9:30am in 2154 Rayburn House Office Building
When President Obama took office, he promised the American people he’d have “the most transparent administration in history.” From that point on – this was the standard to which Obama Administration would be held.
Almost four years later, more and more it seems that by their own actions, this Administration is on the wrong side of transparency.
The U.S. Department of Labor has jeopardized the integrity of employment data- in some cases for clearly political reasons.
Now, without clear provocation, the DOL is unilaterally changing the method by which the media accessed Bureau of Labor Statistics job data. The proposed changes are set to take effect next week.
According to a coalition of media organizations, Sunshine in Government, this set of changes will “necessarily inhibit journalists from producing thorough, timely and accurate reporting based on market-moving information.” Undoubtedly, this impending action has serious freedom of the press implications. We will hear directly from two leading media organizations about their concerns, as well as from a first-amendment advocate.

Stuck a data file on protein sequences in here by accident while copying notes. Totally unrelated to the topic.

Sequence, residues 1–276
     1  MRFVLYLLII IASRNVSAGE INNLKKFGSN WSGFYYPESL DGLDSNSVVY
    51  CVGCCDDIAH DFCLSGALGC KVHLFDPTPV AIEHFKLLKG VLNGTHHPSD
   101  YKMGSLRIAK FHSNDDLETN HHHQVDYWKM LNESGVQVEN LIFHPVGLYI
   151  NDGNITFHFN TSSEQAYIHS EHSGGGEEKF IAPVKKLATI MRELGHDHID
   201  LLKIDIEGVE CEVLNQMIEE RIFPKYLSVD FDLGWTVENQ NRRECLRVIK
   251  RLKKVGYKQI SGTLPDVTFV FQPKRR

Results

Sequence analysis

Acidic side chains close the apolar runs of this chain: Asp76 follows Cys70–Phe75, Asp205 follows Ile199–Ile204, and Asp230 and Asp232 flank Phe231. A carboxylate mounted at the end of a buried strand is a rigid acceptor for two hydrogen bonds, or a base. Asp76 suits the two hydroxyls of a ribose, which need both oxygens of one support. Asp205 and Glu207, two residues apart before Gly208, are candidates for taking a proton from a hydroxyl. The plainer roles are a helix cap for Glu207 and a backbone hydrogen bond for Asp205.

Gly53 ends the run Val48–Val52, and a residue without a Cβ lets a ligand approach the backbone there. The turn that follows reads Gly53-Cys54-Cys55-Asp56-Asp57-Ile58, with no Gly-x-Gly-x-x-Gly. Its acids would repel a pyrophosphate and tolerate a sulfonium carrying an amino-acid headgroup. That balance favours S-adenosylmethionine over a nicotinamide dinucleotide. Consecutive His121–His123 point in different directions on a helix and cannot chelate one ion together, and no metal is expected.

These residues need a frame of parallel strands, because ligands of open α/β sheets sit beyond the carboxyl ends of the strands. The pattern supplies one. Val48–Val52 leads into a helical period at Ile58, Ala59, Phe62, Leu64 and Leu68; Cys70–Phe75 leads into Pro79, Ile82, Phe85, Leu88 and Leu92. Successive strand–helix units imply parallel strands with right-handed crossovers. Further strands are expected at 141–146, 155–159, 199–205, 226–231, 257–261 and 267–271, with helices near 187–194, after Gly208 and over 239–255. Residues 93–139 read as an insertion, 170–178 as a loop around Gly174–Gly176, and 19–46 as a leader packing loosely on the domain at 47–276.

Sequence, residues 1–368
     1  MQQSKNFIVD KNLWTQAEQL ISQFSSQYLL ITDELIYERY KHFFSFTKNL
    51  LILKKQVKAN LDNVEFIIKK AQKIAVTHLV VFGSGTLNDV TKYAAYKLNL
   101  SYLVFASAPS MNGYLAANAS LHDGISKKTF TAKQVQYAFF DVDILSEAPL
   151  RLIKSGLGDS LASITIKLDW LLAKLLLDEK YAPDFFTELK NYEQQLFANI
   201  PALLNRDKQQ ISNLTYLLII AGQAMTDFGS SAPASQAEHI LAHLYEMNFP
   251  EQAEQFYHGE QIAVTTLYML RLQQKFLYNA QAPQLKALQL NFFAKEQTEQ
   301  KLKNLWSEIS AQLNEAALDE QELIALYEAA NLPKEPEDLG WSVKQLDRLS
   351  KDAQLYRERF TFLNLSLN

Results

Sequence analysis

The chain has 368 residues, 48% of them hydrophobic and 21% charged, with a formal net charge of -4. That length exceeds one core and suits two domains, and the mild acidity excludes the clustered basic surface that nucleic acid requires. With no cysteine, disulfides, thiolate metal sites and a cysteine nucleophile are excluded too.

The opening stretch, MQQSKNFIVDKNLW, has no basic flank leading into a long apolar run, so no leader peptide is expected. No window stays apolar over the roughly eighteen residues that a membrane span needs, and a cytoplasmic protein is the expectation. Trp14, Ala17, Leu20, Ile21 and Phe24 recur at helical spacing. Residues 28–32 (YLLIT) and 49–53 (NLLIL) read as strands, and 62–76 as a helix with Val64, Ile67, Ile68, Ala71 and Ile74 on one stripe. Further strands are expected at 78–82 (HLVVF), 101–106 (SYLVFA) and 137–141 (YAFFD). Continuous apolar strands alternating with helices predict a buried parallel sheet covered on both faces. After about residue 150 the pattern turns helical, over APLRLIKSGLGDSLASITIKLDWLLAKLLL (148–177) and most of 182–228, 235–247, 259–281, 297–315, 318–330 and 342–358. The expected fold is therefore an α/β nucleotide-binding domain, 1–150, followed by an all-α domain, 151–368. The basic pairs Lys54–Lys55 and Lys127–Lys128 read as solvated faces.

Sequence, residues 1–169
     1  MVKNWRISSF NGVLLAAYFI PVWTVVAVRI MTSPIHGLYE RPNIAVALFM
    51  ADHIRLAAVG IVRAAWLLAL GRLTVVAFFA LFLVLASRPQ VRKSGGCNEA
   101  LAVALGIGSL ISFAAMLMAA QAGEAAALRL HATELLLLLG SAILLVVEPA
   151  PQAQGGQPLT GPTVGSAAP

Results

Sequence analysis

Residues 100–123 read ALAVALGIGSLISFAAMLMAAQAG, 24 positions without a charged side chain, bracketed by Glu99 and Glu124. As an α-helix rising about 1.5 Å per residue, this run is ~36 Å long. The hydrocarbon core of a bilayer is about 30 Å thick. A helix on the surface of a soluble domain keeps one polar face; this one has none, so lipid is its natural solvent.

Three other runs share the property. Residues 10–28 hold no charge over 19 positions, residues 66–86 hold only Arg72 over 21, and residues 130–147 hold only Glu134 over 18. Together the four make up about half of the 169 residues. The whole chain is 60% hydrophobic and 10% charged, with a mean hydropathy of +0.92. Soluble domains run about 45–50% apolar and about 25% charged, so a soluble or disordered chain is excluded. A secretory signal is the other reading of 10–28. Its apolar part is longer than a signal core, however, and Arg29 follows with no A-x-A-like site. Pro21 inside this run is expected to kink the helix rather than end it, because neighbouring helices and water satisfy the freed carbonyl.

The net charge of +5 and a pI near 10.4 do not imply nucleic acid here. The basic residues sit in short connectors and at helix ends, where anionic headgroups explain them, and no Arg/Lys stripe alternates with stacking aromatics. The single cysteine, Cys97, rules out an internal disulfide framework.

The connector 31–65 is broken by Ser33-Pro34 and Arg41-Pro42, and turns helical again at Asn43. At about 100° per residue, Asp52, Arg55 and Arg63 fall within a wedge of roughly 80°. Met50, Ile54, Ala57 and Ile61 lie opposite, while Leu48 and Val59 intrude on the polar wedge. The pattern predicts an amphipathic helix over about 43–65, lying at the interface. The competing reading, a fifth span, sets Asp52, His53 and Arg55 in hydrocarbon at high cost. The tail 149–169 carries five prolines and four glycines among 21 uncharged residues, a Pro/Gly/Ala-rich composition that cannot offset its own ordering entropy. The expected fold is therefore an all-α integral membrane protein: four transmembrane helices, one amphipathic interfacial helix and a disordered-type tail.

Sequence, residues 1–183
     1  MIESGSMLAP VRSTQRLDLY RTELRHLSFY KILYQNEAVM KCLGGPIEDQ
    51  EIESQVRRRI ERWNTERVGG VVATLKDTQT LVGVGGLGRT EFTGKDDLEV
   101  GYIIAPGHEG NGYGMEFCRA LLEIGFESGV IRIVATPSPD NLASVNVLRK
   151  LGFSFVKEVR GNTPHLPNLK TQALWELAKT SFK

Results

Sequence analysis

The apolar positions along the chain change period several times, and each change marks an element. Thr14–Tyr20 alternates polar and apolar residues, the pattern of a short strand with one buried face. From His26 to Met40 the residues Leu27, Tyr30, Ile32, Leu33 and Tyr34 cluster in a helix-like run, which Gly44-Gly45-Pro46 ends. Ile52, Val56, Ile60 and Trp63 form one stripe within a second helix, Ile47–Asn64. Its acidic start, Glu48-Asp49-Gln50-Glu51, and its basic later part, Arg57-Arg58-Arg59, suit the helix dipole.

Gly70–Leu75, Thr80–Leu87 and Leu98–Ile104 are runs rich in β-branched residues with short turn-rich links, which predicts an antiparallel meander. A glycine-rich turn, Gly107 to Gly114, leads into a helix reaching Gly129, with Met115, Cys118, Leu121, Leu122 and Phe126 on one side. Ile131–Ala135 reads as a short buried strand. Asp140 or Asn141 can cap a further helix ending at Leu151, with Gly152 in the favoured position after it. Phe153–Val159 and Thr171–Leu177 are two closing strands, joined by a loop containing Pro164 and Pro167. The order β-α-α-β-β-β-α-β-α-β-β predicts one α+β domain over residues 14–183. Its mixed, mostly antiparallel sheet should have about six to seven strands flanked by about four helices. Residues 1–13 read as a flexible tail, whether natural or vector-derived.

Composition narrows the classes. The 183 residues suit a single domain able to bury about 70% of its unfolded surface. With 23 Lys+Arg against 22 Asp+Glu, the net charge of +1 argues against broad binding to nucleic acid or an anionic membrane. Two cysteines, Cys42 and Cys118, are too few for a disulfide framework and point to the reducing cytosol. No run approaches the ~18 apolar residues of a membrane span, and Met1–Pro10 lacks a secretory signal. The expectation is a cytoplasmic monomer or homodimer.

The abrupt nature of this change coupled with the absence of a clear explanation and a lack of public input raises key questions about who made the decision to implement this change and why.
The Department of Labor needs to reverse course on this wrong-headed policy change. And if they fail to do so, the White House must intervene. The President is ultimately responsible when a cabinet department embarks on an initiative that runs counter to both his own promises and the First Amendment.
Witnesses and testimonies
|Mr. Daniel Moss||Executive Director||Bloomberg News||Panel 1||Document|
|Mr. Rob Doherty||General Manager - United States||Reuters News||Document|
|Ms. Diana Furchtgott-Roth||Senior Fellow||The Manhattan Institute||Document|
|Dr. Keith Hall||Senior Research Fellow||Mercatus Center, George Mason University||Document|
|Ms. Lucy Dalglish||Executive Director||Reporters Committee for Freedom of the Press||Document|
|Mr. Carl Fillichio||Senior Advisor for Communications and Public Affairs||U.S. Department of Labor||Panel 2||Document|
|Mr. John Galvin||Acting Commissioner||U.S. Bureau of Labor Statistics||Document|
|The Honorable Jane Oates||Assistant Secretary for Employment and Training Administration||U.S. Department of Labor||Document|